Alienware M17x R4: Performance

September 5, 2012 by Charles P. Jefferies Reads (100,224)
Editor's Rating

Ratings Breakdown (1-10)

    • Software & Support
    • 6
    • Upgrade Capabilities
    • 8
    • Usability
    • 8
    • Design
    • 8
    • Performance
    • 9
    • Features
    • 9
    • Price/Value Rating
    • 8
    • Total Score:
    • 8.00
    • Rating 1 to 10, top score 10

Performance and Benchmarks

Our Alienware M17x R4 review unit has the following configuration:

  • 17.3-inch glossy 1080p display (1920×1080 resolution)
  • Windows 7 Home Premium 64-bit
  • Intel Core i7-3720QM quad-core processor (2.6GHz, up to 3.6GHz Turbo Boost, 6MB cache, 45W TDP)
  • Nvidia GeForce GTX 680M w/ 2GB GDDR5 dedicated memory
  • Graphics automatically switchable to integrated Intel HD via Nvidia Optimus
  • 8GB DDR3-1600 RAM (2x 4GB; 32GB max. – 4x 8GB)
  • 750GB 7200RPM Hitachi hard drive (7K750) w/ 32GB SSD cache
  • Intel Centrino Wireless-N 2230 wireless LAN
  • Integrated Bluetooth v4.0
  • Integrated HD webcam
  • Slot-load Blu-ray reader/DVD burner
  • 9-cell li-ion battery (90Wh)
  • Weight: 9.39 lbs.
  • Dimensions: 16.14 x 11.97 x 1.75 inches
  • Starting Price: $1,499
  • Price as Configured: $2,649

The base M17x is already well equipped, but our review unit has some options that bring up the price (and performance) considerably. At the top of the list is the Nvidia GeForce GTX 680M (+$550 over the standard GTX 660M), Intel Core i7-3720QM processor (+$150 over the i7-3610QM) and Blu-ray reader (+$100). The system has a couple of other options too including the beautiful 1080p display (+$150), 8GB of RAM (+$75) and the 750GB 7200RPM hard drive with 32GB SSD cache (+$125). The SSD cache is interesting; it’s configured in RAID with the hard drive and provides a good boost in performance. A variety of storage options are available including up to 512GB SSDs.

wPrime processor comparison results (lower scores mean better performance):

PCMark 7 is a newer benchmark and measures overall system performance (higher scores mean better performance):

3DMark 11 is a newer benchmark and measures overall graphics card performance for gaming (higher scores mean better performance):

3DMark Vantage measures overall graphics card performance for gaming (higher scores mean better performance):

3DMark06 measures overall graphics card performance for gaming (higher scores mean better performance):

CrystalDiskMark storage drive performance test:

Gaming Performance

We ran two modern 3D games on the M17x R4: Call of Duty: Modern Warfare 3 and Bioware’s Mass Effect 3. Both games were run at maximum settings at the display’s native 1920×1080 resolution. The performance is nothing short of “wow” – the GTX 680M has the numbers to prove it is a top-shelf card. It’s a safe assumption that there is no modern game the M17x R4 cannot play on maximum settings with this card. The M17x R4 comes standard with an Nvidia GTX 660M and is available with an AMD Radeon HD 7970M and Nvidia GTX 675M, which are a few hundred cheaper. The GTX 680M is the fastest of course, but there’s an extra high premium for the privilege.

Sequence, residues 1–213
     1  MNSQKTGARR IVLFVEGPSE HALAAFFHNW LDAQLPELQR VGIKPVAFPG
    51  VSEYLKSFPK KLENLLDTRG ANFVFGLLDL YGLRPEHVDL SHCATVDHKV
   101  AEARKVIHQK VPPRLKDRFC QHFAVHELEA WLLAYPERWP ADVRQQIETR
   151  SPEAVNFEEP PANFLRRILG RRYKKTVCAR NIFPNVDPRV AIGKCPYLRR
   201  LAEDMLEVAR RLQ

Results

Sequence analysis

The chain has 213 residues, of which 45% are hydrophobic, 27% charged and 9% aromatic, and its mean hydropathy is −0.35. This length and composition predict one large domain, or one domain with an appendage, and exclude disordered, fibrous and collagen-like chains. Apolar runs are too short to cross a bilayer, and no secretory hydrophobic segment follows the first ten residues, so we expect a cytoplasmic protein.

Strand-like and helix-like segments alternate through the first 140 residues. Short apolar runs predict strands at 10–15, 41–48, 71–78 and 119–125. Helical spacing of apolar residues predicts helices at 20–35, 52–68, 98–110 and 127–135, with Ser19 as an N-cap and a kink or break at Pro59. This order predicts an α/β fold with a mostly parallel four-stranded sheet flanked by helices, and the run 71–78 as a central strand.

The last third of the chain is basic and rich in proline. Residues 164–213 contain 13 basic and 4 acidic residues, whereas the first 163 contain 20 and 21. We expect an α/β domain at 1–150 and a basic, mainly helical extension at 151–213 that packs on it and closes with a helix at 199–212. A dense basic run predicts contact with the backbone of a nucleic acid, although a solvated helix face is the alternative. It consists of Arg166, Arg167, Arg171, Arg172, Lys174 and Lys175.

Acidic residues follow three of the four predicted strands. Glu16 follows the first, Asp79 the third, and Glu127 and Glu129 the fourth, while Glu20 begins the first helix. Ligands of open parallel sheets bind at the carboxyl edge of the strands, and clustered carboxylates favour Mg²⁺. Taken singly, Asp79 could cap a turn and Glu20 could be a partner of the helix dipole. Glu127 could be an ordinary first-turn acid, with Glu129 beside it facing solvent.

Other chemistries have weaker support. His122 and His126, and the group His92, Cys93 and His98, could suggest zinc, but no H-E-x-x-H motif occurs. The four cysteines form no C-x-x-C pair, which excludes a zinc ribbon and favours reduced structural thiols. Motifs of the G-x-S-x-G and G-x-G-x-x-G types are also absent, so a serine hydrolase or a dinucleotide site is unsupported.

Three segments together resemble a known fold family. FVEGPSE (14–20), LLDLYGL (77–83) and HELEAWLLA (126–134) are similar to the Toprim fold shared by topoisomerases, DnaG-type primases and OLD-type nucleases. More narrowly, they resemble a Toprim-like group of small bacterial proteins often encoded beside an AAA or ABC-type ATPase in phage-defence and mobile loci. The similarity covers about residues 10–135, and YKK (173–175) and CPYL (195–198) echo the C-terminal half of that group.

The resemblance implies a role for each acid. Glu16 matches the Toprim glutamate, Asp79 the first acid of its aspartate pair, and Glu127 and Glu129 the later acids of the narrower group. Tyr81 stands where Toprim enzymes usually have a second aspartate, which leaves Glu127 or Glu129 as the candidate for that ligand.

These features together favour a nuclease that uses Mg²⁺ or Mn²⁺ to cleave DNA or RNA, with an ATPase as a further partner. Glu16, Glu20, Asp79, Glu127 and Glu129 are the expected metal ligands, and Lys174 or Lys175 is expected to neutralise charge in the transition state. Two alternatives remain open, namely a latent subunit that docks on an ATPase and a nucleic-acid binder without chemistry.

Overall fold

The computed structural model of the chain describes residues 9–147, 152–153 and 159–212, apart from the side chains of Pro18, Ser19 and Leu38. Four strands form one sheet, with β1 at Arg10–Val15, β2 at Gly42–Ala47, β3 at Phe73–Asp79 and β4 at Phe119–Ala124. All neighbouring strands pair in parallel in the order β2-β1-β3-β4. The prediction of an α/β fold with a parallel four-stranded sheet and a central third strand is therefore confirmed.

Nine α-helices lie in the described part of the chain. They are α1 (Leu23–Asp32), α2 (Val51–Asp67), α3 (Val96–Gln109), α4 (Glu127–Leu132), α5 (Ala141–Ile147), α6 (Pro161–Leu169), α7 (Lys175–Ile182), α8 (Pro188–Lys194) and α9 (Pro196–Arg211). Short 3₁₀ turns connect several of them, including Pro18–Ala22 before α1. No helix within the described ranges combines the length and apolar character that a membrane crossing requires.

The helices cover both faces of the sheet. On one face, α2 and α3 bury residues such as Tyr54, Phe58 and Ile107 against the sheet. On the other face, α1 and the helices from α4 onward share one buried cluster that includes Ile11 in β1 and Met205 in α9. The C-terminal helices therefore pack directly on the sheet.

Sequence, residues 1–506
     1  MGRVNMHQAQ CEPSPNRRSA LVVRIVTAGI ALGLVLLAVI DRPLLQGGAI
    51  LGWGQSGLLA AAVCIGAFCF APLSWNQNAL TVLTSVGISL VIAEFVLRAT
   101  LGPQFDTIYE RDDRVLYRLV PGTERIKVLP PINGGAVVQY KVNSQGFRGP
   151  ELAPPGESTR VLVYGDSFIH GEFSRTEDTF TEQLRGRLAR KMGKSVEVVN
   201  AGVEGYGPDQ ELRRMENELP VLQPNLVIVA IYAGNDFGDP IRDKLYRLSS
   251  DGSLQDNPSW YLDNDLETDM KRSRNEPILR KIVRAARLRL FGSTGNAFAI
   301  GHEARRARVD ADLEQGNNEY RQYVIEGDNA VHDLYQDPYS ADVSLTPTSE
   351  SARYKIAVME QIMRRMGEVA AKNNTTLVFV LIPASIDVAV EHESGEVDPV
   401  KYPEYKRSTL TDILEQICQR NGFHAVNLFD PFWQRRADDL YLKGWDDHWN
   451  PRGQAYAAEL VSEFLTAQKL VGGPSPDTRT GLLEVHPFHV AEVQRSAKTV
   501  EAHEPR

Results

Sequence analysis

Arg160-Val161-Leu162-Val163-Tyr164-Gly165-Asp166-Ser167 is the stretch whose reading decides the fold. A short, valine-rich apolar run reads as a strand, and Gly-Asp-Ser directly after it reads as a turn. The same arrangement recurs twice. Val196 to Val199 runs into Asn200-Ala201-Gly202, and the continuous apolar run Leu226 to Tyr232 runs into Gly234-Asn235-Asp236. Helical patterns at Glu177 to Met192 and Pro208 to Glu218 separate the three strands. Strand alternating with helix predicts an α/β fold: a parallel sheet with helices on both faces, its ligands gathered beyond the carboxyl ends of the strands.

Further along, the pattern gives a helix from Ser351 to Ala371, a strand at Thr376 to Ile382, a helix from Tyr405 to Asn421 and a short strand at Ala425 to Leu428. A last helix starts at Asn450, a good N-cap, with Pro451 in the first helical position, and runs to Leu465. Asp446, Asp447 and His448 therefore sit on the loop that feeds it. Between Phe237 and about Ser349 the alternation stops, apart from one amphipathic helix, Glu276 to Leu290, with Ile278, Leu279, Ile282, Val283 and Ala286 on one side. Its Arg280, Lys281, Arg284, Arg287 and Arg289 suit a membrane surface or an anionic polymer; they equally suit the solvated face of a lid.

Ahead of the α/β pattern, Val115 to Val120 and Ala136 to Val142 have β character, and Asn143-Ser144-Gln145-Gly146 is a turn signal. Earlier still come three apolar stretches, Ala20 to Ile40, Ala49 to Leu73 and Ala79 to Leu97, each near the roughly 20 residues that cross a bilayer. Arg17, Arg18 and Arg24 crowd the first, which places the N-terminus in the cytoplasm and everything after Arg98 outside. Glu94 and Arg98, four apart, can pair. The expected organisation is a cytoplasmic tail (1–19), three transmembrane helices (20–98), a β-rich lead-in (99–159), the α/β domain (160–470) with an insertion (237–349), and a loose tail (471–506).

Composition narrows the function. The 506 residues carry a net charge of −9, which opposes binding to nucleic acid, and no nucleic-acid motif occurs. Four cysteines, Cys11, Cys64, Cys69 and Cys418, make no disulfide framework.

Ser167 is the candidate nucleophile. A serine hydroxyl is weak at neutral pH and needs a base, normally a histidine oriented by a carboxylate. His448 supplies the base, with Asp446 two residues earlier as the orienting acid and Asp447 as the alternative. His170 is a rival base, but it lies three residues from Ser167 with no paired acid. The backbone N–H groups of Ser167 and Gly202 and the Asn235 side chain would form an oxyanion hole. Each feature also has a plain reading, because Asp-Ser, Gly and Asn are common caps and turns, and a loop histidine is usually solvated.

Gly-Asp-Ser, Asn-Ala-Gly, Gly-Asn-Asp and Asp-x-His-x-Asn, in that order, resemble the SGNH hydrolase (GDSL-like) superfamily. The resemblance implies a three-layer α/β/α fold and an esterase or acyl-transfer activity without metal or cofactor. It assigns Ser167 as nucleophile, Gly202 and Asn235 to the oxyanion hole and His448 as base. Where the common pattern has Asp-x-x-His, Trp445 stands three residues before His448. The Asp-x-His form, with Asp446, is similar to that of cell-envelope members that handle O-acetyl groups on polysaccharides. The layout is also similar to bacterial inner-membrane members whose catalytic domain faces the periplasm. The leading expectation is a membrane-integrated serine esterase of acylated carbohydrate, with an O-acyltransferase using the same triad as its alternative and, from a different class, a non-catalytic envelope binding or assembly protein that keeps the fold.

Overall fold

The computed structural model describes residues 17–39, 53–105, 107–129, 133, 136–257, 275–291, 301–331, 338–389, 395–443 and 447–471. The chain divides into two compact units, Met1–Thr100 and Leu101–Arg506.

It’s worth noting that the M17x R4 is available with a 120Hz 3D display option in conjunction with an Nvidia graphics card.

Mass Effect 3:

Call of Duty: Modern Warfare 3:

Heat and Noise

The M17x’s powerful internal components produce a significant amount of heat. Fortunately, the chassis is large and thick enough to accommodate an appropriate cooling solution. There are two large vents situated at either end of the notebook facing out the back. The fans at idle are, for all intents and purposes, silent. Under load, however, they spool up fast and can be heard from just about anywhere in a living room or classroom; the right fan which cools the graphics card is the loudest. There is a slight whine too, which increases with RPM. While the cooling system is somewhat noisy, it certainly gets the job done and keeps the M17x running cool; the top and bottom of the chassis didn’t warm up to a significant degree even during extended gaming and benchmarking sessions.

Battery Life

I measured four hours and 45 minutes of battery life during our standard battery run-down test (Windows 7 Balanced power profile, 70% screen brightness, wireless active and refreshing a web page every 60 seconds). This is an excellent time for a powerful 17.3-inch gaming notebook. Nvidia Optimus takes a lot of the credit; it automatically switches the dedicated GTX 680M graphics card off and uses the integrated Intel HD, which greatly reduces power consumption. The SSD and third-gen Intel Core i7 processor are also good on power.

Battery life test results (higher scores mean better battery life):



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